Understanding suicide prevention

Business patientSuicide is a “permanent solution to a temporary problem.” That is something a wise psychiatrist told me one time and it rings true. Suicide is currently the eighth leading cause of death in the United States. Men complete suicide four times more often than women. However, women tend to attempt suicide more often than men.

Suicidal thoughts often have a stigma that goes along with them and patients will sometimes feel ashamed to bring them up. The thoughts do not demonstrate any weakness or flaw in character. Rather, they may be a product of an underlying psychiatric illness or the patient may be at a point that the emotional or physical pain may have pushed them to their limit. Patients recovering from suicidal thoughts often mention that they did not wish to die but they saw no other way out from their pain.

If you have suicidal thoughts, before you do anything, STOP and give your mind time to think it over. Take 15 minutes or sleep on it. What do you have to lose? Call a friend or family. Call the suicide hotline at 1-800-273-8255. If you have a plan of how to attempt suicide, call 911 or visit the nearest emergency room. Be honest with your providers. Let them know about your thoughts and if you have a plan.

If someone mentions suicide or suggests they may be suicidal, please take them seriously.  It may be the one cry for help that could so easily be missed. Be supportive and non-judgmental. Remove any dangerous items (i.e. firearms, prescription medications, ropes, knives) from the person and the premises. Understand the physician’s treatment plan, including medications if any were prescribed.

Be on the lookout for behavior that may be a red flag:

  • Contacting people and apologizing for various things
  • Getting affairs in order
  • Giving away items
  • Withdrawing from society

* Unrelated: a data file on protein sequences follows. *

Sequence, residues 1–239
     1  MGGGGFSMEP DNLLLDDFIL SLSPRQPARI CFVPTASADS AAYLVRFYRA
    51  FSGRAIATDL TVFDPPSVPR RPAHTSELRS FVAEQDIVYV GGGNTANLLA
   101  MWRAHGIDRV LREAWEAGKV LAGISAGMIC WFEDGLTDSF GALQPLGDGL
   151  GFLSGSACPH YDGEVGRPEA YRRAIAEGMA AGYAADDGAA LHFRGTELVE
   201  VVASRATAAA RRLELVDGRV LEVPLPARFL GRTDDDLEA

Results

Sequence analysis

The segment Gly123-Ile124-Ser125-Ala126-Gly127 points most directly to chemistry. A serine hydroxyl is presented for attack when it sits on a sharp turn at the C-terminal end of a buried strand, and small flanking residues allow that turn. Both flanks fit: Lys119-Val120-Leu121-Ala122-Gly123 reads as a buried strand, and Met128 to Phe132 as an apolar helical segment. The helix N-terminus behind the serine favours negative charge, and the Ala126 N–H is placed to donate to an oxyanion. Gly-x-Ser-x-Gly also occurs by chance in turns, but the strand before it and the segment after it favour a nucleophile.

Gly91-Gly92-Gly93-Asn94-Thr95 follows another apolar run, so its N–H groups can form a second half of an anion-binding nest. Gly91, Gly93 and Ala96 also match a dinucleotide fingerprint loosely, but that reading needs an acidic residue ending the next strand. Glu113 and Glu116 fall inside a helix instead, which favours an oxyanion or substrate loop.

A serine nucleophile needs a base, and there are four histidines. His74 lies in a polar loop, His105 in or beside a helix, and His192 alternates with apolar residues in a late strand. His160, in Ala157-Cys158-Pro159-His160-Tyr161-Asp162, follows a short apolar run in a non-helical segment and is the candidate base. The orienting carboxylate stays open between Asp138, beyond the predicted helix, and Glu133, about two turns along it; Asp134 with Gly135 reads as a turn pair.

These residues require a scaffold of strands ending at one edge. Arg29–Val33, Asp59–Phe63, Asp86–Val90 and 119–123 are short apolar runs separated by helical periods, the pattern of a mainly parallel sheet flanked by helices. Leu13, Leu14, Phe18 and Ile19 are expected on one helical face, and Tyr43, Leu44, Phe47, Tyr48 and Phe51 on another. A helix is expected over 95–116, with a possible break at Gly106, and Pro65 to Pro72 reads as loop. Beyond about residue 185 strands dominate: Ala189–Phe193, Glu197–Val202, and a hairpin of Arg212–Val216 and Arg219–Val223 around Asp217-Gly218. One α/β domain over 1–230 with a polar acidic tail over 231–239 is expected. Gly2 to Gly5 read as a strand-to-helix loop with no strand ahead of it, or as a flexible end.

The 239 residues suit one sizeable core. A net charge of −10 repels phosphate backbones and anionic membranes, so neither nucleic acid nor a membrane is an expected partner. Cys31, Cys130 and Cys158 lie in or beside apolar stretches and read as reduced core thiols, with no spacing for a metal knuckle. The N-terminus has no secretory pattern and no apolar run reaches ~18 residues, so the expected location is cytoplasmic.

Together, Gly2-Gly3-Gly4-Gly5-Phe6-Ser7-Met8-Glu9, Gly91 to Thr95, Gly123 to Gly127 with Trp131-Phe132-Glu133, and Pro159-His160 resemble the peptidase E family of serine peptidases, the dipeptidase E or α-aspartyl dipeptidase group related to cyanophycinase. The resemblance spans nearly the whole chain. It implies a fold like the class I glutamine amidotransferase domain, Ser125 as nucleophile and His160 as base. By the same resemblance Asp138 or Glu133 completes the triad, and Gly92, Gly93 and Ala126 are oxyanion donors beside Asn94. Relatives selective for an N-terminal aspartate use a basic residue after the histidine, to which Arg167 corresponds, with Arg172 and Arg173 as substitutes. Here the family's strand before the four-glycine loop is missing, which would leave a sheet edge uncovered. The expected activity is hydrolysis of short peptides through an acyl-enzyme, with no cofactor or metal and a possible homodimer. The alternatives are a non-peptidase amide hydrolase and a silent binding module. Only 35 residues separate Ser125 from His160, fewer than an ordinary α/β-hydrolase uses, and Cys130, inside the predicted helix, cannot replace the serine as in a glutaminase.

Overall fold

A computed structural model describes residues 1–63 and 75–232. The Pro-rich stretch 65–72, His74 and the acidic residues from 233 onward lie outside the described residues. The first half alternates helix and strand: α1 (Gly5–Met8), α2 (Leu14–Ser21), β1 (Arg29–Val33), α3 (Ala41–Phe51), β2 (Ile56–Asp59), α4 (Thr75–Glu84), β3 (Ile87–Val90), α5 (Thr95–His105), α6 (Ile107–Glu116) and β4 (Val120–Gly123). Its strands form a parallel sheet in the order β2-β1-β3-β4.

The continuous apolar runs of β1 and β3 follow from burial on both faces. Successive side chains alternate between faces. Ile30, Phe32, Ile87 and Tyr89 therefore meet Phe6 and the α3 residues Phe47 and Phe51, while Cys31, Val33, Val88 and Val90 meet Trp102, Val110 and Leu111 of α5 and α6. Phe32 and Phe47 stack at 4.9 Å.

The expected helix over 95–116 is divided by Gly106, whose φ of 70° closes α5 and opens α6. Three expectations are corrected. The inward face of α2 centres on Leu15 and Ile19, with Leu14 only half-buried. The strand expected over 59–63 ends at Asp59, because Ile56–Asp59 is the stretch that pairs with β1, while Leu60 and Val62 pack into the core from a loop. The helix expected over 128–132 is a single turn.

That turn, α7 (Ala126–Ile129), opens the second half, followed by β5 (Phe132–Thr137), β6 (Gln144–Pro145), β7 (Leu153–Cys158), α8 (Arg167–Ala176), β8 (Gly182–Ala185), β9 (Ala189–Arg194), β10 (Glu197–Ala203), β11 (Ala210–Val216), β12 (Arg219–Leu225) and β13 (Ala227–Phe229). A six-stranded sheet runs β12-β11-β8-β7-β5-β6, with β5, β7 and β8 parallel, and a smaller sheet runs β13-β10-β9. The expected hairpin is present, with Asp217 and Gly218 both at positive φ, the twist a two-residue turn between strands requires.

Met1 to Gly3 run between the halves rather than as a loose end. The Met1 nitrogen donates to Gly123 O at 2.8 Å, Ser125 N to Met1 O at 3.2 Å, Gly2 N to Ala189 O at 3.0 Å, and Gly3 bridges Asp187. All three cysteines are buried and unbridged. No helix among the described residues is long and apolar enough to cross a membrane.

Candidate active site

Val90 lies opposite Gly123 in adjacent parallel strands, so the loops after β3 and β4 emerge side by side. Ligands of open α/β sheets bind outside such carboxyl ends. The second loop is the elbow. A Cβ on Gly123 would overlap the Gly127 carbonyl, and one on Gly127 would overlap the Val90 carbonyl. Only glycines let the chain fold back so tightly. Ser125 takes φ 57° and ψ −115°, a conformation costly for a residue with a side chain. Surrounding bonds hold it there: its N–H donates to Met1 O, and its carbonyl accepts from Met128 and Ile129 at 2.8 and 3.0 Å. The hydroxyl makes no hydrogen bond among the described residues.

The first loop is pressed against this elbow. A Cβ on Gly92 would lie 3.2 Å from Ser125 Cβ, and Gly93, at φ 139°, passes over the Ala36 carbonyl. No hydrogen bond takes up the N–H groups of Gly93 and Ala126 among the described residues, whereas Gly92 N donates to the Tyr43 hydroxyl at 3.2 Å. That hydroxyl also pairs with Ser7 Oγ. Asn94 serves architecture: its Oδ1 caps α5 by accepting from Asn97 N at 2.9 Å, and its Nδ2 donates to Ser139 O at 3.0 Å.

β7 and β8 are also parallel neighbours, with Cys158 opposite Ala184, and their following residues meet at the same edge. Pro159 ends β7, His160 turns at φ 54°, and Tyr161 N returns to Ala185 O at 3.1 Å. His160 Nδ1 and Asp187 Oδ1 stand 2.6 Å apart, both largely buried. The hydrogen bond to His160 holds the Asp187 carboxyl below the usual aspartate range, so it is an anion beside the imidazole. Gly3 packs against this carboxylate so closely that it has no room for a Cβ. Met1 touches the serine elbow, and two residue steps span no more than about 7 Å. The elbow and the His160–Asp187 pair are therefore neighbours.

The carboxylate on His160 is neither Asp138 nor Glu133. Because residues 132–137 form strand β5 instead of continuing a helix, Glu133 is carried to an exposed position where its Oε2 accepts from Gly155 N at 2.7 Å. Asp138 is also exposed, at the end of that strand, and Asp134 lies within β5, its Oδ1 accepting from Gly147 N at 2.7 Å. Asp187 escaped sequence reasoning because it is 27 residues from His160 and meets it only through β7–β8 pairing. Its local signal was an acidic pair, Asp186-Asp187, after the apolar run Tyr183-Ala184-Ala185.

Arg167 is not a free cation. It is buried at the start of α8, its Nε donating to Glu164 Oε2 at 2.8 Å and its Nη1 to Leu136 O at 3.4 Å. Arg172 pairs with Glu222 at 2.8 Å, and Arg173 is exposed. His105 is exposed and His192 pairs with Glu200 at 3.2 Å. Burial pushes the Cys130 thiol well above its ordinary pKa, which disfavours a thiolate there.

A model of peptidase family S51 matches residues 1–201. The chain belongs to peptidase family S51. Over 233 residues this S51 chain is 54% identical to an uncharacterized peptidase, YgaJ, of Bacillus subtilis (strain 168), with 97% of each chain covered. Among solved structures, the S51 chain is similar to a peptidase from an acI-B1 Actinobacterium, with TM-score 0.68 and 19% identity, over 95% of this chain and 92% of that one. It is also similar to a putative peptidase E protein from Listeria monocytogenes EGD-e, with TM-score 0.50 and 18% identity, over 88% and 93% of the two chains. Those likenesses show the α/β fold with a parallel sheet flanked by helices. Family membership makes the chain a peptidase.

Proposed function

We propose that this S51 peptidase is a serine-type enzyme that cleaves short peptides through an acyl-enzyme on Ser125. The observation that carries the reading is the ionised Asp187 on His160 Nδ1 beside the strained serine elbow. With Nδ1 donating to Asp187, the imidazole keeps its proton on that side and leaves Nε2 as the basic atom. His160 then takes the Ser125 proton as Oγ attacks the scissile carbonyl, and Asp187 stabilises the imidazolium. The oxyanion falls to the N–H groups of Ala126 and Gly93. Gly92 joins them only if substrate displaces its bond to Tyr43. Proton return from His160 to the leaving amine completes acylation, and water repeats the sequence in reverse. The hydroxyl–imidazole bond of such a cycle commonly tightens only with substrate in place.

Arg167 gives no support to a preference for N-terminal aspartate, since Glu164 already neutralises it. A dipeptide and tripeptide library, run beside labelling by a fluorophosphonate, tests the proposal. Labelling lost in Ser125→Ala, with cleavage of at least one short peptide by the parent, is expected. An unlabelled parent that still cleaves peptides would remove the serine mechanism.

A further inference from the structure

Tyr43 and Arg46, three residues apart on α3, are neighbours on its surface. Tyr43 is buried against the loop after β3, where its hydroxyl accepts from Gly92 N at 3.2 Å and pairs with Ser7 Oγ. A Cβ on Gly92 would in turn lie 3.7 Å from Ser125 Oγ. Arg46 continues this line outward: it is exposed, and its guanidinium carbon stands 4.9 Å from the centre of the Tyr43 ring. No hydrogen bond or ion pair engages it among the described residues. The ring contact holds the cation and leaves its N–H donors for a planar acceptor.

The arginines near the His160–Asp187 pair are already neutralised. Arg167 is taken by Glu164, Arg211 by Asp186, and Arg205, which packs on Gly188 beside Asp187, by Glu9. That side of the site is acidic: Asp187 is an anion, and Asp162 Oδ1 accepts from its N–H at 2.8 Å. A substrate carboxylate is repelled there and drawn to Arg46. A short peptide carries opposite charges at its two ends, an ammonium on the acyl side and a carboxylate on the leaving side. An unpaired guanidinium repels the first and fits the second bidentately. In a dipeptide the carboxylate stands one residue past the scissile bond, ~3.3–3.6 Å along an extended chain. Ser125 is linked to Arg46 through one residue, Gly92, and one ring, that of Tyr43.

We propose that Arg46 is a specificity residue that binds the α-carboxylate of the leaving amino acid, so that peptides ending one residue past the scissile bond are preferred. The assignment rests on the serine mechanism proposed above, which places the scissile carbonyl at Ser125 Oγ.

Watch out for these common methods of suicide attempts:

  • Firearms
  • Prescription drugs
  • Illicit drugs and alcohol
  • Cutting/Self-injurious behavior
  • Falling/jumping off bridge/building
  • Hanging
  • Car exhaust
  • Driving into oncoming traffic
  • Walking into traffic
  • Suicide by cop/proxy
  • For children – purposefully doing dangerous things their parents warned them about

Unfortunately, suicide is one of the most difficult behaviors to predict. There are some outward behaviors that are typical but we have to pick up on them. It is also challenging to a degree because we have to wait for the patient to verbally or behaviorally show in some way that he or she needs help. When he or she does, that is the time that we can save a life.  We can make a difference and save not only the patient’s life, but also the lives of all those who would be devastated by the loss of the individual. For those who are currently suffering, there is hope. Please talk to someone about your thoughts today.

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About M. Jason Wells, M.D.

M. Jason Wells, M.D., was born and raised in Louisville. He graduated from Saint Xavier High School. He received his bachelor's in biology from the University of Louisville. He received his medical degree from the University of Louisville School of Medicine. He was accepted into a psychiatry residency at the University of Florida where he spent two years before switching to family medicine at the University of Louisville. He is currently seeing patients at UofL Physicians - Family Medicine at Cardinal Station. Dr. Wells is married to his high school sweetheart, Betsy. They have two children. He enjoys watching football, especially the UofL Cards and the Dallas Cowboys.

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